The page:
Next in the caboose is the data section and is then followed by the FCS (frame check sequence) field. This field is also rather important as it is used for data integrity purposes. Much like the checksum field in the TCP/IP core protocols this value is computed by the source device and is then recomputed by the destination device to confirm integrity. It stands to reason that you would want to know if your data has been corrupted somehow during transmission. Lastly, we have the flags section once again to signal the end of the frame itself. It should be noted that this is a standard frame relay frame and there exists another frame type. This would be the LMI frame format. It is significantly different and I would encourage you to give it a quick Google.
ATM isn’t only for banks!
A while ago a colleague and I were chatting about ATM (asynchronous transfer mode) when another colleague walked in. He started complaining about the lineup at his banks ATM. This gave us both a good laugh as we were talking about the switching technology vice the actual banking services offered via an ATM terminal. That being said a lot of people are still confused by this and swear that their ATM uses ATM! Needless to say not a lot of people outside of the networking world are aware of this switching technology. Over the years, as our connections to the Internet have grown quicker, few have actually given any thought to just how these connections have gotten quicker. Or more to the point, just how that internal work connection is so darn fast.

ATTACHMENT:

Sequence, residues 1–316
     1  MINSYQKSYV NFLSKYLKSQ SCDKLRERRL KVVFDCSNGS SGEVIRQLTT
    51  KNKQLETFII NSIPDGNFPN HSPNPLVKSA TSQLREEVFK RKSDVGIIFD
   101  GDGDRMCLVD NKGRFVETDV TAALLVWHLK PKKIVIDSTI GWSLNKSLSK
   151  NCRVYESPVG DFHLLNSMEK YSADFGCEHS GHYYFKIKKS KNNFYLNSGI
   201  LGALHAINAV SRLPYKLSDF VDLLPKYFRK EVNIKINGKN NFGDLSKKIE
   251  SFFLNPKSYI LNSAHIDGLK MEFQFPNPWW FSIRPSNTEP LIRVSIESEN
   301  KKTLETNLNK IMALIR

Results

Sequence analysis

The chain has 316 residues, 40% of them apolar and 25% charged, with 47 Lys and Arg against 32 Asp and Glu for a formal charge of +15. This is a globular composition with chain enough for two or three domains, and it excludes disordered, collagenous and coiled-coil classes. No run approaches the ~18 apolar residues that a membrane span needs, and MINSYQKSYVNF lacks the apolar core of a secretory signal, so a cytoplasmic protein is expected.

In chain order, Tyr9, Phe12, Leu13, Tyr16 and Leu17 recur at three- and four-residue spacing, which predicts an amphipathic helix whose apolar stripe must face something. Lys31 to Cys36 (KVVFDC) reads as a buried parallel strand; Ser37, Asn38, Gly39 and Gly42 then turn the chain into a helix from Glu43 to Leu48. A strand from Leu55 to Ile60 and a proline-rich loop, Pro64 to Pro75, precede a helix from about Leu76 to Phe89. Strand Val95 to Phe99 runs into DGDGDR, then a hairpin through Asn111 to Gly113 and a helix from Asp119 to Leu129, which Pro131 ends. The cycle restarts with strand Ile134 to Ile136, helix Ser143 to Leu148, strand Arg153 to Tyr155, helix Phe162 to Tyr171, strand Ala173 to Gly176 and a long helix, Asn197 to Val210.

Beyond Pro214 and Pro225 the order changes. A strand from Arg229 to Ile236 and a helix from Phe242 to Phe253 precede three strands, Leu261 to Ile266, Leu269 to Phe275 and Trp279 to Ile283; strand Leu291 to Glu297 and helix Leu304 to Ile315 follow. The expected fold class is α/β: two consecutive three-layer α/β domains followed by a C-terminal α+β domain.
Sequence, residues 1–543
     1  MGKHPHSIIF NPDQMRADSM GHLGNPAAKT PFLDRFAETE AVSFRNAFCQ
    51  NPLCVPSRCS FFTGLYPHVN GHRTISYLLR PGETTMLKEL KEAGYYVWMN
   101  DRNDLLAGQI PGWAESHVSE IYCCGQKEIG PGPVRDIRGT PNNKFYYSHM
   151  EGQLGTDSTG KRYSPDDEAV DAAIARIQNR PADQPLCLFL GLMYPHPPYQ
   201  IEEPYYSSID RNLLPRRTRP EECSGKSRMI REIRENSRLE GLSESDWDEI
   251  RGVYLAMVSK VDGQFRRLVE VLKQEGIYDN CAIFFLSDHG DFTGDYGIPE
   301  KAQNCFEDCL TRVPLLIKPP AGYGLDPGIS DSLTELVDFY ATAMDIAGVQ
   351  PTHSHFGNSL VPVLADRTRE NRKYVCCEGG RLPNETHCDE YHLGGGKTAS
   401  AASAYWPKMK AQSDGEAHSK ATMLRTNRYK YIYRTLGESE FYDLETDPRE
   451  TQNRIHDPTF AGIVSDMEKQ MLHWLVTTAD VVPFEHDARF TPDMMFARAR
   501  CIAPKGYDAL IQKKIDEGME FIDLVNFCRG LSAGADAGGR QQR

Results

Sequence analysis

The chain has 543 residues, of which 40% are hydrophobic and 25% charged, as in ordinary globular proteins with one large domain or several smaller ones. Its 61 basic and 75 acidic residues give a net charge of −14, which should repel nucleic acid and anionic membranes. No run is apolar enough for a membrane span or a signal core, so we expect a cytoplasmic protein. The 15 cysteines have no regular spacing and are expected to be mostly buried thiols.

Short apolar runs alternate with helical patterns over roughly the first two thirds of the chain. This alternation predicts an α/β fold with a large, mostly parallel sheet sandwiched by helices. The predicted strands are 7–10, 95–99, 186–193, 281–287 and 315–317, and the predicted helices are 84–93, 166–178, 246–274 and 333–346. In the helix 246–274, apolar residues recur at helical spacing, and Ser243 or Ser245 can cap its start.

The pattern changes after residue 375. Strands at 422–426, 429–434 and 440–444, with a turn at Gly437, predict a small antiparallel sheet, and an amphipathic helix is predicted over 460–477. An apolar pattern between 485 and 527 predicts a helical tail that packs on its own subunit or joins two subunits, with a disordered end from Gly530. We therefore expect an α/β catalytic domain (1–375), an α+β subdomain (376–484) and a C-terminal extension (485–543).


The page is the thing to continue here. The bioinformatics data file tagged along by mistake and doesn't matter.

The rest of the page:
Much like the above discussed Frame Relay is the fact that ATM operates at the Data Link Layer in the OSI Reference model. ATM was borne out of the fact that high volume traffic needed to be sent and a better way was needed to do it. It will likely be a reality in our lifetimes that we will see the foundation for a true fiber optic network laid down by the major Internet service providers that will impact us as home users. With ATM to do a lot of the grunt work this will help this become a reality. Much like Frame Relay, ATM has hardware requirements that come into the picture. Hardware appliances such as multiplexers, switches, and routers are used in conjunction with ATM. Hardware devices are great, but as usual you still need a software front end to control them normally.
With the very impressive speed of ATM one has to wonder just how it is able to switch traffic about so quickly. Well unlike the random packet sizes of TCP/IP, ATM has a fixed cell size. This way the incoming traffic is always the same size and that makes things simpler for lack of a better term. That simplicity allows for the vastly increased data throughput. What does an ATM transmission look like though? Let’s take a look!
<———–5 Bytes———-> 48 bytes
VCI Label control Header checksum payload
The above noted 53 cell formation is the way it will look every time. Due to this predictability comes the ability to switch these cells very quickly. Much as we saw above with Frame Relay is the key word “predictability”. Both of these switching technologies allow for faster switching of data due to their predictable nature. This is done via their encapsulation of upper layer data in their respective formats. This was very much a high level overview of both Frame Relay and ATM. Hopefully it will be enough to whet your appetite to research them both more. As we are beginning to see all of the world is not composed of only TCP/IP. Till next time!